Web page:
Though the result may be less obvious, Bennett has also done his part to goad independent counsel Ken Starr. Soon after Starr was appointed, Bennett called for him to resign because of his right-wing connections. When Starr announced his plans to step down and become dean of Pepperdine Law School, and then changed his mind, Bennett blasted him for retreating in the face of criticism. "Imagine how you would feel being investigated by a man who was under such pressure to bring indictments and who so quickly changed his mind in the face of criticism," he said in a speech reprinted as an op-ed column in the Washington Post. Calling Starr a weak-willed coward hardly seems a viable way to calm him down.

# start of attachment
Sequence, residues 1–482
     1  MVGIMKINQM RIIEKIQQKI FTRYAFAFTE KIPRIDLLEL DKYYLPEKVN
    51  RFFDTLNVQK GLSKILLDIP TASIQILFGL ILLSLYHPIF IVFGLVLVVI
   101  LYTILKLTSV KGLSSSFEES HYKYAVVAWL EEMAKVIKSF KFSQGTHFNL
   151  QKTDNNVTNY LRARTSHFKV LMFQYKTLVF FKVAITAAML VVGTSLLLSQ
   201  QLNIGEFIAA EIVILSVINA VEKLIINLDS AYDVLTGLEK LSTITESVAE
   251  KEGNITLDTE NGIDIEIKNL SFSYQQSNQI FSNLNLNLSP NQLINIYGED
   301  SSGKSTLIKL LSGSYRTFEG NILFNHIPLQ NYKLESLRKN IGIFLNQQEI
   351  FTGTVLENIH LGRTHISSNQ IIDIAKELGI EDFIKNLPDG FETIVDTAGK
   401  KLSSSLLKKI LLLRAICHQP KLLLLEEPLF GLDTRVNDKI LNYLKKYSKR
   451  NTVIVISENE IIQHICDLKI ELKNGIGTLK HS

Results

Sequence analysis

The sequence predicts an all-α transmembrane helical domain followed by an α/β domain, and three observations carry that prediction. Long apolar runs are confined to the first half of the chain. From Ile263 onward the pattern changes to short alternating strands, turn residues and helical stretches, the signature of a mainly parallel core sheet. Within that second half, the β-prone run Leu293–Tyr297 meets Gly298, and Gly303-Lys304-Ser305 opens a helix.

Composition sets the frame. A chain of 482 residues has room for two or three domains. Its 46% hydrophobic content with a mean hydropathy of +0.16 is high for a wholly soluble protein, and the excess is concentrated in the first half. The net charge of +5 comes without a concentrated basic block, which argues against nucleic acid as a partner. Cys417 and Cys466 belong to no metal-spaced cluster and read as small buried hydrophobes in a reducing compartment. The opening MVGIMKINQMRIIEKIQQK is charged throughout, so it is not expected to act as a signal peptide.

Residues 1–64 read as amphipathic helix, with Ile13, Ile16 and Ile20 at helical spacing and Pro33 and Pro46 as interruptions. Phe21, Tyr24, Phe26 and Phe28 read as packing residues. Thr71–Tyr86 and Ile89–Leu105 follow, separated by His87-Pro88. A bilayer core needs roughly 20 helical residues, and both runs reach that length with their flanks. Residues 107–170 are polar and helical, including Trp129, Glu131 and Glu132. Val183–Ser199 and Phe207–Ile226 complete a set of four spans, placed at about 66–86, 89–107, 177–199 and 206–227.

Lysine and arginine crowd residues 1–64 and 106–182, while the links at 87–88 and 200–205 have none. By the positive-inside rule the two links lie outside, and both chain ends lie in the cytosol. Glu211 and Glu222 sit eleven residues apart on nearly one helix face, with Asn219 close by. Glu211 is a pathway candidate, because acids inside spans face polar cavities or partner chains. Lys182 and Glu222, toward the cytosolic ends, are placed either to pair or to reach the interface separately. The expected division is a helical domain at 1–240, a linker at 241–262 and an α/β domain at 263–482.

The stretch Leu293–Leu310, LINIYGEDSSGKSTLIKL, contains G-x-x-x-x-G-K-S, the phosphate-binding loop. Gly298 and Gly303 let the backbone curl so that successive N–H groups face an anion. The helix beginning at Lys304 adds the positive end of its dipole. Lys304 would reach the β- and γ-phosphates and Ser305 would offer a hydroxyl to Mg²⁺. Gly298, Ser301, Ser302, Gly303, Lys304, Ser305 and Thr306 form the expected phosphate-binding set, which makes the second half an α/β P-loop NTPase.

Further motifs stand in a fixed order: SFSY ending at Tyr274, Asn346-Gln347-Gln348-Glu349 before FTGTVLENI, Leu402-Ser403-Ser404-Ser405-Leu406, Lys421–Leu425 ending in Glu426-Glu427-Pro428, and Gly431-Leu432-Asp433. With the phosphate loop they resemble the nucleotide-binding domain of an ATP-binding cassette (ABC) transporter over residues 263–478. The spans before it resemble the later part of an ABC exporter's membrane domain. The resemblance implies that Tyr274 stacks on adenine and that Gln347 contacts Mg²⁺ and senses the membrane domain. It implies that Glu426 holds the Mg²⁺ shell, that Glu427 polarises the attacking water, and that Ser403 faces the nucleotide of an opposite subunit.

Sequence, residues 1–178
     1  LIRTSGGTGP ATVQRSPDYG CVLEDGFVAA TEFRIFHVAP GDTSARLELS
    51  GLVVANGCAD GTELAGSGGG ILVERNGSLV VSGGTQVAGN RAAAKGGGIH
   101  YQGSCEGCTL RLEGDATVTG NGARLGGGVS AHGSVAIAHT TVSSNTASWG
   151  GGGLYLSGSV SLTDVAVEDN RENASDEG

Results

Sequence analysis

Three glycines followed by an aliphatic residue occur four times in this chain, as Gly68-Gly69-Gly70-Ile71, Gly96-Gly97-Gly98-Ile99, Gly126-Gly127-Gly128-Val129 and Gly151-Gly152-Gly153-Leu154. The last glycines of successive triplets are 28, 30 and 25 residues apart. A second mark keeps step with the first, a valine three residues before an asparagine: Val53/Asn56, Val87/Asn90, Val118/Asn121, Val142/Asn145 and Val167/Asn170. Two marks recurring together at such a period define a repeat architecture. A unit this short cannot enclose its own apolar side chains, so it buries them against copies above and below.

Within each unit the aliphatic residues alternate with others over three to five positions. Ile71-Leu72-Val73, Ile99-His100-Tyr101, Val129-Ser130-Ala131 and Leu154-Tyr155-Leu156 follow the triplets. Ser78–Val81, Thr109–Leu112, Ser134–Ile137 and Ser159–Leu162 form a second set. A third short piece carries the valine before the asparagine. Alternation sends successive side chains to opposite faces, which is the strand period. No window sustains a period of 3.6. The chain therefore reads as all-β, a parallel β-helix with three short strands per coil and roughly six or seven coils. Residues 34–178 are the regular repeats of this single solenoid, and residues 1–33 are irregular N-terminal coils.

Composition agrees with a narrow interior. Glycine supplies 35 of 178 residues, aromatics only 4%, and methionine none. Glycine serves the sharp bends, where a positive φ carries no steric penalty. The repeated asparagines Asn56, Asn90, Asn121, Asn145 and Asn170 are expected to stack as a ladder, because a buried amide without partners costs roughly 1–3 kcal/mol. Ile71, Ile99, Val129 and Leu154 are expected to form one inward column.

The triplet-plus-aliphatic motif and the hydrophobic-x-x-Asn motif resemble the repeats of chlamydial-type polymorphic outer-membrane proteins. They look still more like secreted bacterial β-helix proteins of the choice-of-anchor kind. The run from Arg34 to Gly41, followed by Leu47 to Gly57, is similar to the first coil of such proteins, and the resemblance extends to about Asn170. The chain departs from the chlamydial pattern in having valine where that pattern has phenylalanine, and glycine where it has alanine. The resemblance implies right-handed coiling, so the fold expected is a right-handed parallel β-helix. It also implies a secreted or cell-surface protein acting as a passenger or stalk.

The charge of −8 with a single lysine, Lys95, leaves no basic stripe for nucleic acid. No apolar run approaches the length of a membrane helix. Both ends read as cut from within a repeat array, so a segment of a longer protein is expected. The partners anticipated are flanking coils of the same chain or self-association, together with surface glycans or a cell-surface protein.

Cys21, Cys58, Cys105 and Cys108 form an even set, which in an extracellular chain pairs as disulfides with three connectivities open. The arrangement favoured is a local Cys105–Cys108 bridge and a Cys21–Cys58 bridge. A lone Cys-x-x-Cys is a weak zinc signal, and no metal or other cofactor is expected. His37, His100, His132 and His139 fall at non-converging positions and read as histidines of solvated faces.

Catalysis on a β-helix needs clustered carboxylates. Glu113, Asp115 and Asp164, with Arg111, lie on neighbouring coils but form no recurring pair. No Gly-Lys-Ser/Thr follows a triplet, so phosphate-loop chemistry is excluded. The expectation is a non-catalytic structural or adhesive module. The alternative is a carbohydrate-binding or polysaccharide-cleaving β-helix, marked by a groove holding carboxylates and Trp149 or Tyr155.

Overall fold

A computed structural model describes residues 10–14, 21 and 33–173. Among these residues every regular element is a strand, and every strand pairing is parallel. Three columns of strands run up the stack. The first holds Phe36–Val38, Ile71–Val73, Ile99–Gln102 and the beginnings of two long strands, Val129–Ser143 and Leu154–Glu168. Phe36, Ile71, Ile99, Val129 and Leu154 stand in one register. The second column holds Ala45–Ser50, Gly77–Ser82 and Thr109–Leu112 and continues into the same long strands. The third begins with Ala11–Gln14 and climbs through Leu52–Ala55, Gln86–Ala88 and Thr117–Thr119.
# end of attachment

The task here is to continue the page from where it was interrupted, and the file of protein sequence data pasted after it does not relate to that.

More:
Bennett's basic problem is that he is totally incapable of keeping his mouth shut. Blabbing to the press, on and off the record, is his approach to cases that attract media interest. As he told the Los Angeles Times a while ago, "While 'no comment' is perfectly appropriate in 80% or 90% of one's cases, rarely is it appropriate in those cases where you're representing a very high-profile client." But whom is all this $500-an-hour spin designed to benefit? In a piece about him published in the Washington Post "Style" section this week, Bennett came off as far more concerned about his own reputation than about the fate of his most famous client. If Clinton does fall, I expect we'll see Bennett on all his favorite TV shows explaining how it happened--and why it wasn't his fault.

Jacob Weisberg is Slate's chief political correspondent.